Capabilities Overview

This is an approx. 5 ft diameter limestone carving based on an Armenian infinity symbol inspired by an ancient Katchkar design. This derivative includes a complex Fibonacci pattern around a center carving. This same pattern has also been cut into another limestone panel at approx. 2 ft diameter.

First of all, I’d like to thank you for taking the time to learn about the unique capabilities of the Andrusko Group studio.

The studio’s primary focus is on the design, making and implementation of architectural applied arts in the built environment. A bit ambitious, perhaps.


as you will see – with even a cursory look – the scope of capabilities of the studio is breath-taking & expansive. It is a result of insatiable curiosity, a life-time of learning, definitely some carefully calculated risk-taking, a well-rounded, relentless pursuit of artistic excellence and – perhaps – just a dash of crazy. That seems to be a requirement to pushing the creative envelope.

I’d like to introduce myself: My name is Pete Andrusko, I’m the founder, owner and principal artisan of the Andrusko Group studio.

The studio is currently located in Portland, OR (but, soon to be relocating into a larger studio space near Centralia, WA strategically positioned between the Portland & Puget Sound markets).

My studio practice has evolved from very humble beginnings of performing specialty masonry work during high-school, college and after, into one of the more unique maker studios active in the Pacific NW.

The studio specializes in architectural applied arts applications primarily utilizing legacy materials such as natural stone, wood, glass and metals – among many others.

My approach to the creative process of making tends to be one of enthusiastic optimism. What I mean by that, is that I believe virtually anything is possible (practical, being another matter entirely) as long as we are operating within the bounds of what we understand of – and can push in terms of the materiality of – the physical world. The limitations we inevitably bump up against – those that put a stop to the optimism – tend to be of a practical nature: budget, time & the laws of physics – mass & gravity, being the big ones.

I love the challenge of solving problems and the doing of those things most others can’t or won’t consider.

I especially seek out partnerships with those design creatives who are willing to be courageous. I live to DO.

If we haven’t had the opportunity to meet or interact personally, I do hope you will explore what I can offer.

If you see something interesting, please reach out to me.

I’ve been active as an artisan craftsman since before 1990, the year I formally started my first business. During this span of time, I’ve had the privilege of being involved in numerous well-known projects both in the regional market, as well as nationally & and even a few projects, internationally.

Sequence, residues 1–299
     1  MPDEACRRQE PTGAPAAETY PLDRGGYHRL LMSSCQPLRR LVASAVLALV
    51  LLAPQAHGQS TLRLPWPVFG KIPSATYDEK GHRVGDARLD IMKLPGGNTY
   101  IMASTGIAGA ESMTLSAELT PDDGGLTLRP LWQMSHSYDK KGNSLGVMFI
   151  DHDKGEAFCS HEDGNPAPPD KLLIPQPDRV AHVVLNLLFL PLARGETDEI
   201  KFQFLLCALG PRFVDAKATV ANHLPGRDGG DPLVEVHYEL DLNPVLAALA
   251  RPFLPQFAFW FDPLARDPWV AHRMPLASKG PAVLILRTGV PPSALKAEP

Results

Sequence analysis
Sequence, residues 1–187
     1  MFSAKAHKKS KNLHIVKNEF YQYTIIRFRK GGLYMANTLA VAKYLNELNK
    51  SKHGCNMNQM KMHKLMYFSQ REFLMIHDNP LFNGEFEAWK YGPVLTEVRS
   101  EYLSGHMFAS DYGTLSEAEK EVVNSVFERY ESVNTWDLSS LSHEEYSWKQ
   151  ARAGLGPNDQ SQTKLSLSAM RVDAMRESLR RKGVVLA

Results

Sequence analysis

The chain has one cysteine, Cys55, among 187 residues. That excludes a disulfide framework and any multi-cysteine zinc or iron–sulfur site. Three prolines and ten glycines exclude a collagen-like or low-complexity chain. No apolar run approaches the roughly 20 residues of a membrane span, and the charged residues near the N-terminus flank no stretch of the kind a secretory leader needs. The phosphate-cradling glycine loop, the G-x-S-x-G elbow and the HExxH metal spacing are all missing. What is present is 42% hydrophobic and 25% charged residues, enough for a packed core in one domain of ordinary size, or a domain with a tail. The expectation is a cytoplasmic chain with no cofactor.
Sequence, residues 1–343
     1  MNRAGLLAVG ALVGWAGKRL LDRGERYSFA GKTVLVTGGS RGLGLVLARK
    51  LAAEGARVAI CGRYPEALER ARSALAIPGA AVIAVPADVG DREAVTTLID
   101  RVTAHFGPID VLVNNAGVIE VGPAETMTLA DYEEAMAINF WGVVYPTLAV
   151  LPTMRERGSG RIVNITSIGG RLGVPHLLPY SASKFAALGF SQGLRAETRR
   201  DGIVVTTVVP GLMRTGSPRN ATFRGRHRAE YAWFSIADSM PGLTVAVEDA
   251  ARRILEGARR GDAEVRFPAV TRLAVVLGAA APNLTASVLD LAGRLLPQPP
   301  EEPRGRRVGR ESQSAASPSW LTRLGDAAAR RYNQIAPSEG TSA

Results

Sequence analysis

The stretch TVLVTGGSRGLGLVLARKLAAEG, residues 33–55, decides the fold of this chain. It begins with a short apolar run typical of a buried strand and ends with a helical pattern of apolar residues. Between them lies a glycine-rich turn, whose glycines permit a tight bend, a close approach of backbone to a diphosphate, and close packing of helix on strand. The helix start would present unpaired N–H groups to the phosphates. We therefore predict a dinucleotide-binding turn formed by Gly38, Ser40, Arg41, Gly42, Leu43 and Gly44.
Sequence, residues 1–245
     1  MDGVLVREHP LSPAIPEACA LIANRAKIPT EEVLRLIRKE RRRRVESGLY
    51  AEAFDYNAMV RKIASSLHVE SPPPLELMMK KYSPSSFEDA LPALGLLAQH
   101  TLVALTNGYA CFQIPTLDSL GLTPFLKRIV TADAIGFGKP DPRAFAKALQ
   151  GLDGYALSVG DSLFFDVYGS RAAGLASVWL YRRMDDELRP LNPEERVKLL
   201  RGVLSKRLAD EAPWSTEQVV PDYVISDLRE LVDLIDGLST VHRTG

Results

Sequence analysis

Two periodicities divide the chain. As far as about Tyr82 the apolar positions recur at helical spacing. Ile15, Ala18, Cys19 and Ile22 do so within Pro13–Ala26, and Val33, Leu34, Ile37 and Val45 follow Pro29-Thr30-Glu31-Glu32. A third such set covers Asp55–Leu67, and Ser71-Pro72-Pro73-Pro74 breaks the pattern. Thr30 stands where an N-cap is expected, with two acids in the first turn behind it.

It’s entirely possible you already know something of my work, as my studio has been involved in such projects as: the Fish Cleaning Station & Blessing Path stone engraving at Cape D for the Confluence Project with Maya Lin, the Mother Stone at the Vancouver Land Bridge (also for the Confluence Project), the Tacoma Chinese Reconciliation Park Sculpture group, the honorific inscription at the Oregon Historical Society & the SS inlay work in the Fountain Runnel for the Vera Katz Park water feature at the Armory Building.

Winter tableaux of one of the stones at the Tacoma Chinese Reconciliation Park designed by George Lim of Tangram Design.

As you will see throughout this website, there are many, many other projects in Portland, Seattle, the Pacific region, and many others, both national and international.

Highlights include: involvement with two Presidential Libraries; direct carving into the Wanamaker Building facade in Philadelphia, PA; the recently completed, award-winning carving of a colossal bas-relief sculpture for the new NIKE world headquarters executive boardroom; providing intricate stone engravings for a number of Apple Computer Company office & retail stores working with Foster+Partners; the direct carving of donor names at Washington University at St. Louis’s new Olin Business School building; a recently completed, hand-carved stone commission in the landscape garden at the Craig H. Nielsen Rehabilitation Hospital in Salt Lake City, UT; and a stone + water sculptural group designed by Scott Murase for the Our Lady of Guadalupe Trappist Monastery in Carlton, OR.

Most importantly, I suspect we’re likely connected through our shared involvement with architectural design in the built environment, so I would like to extend an invitation to you to become familiar with my studio’s very unique creative capabilities and work process. I hope you will see through the work and descriptions, that I vigorously defend & promote the creative community’s design intent as it is realized in the built environment.

Kind regards,

Peter Attila Andrusko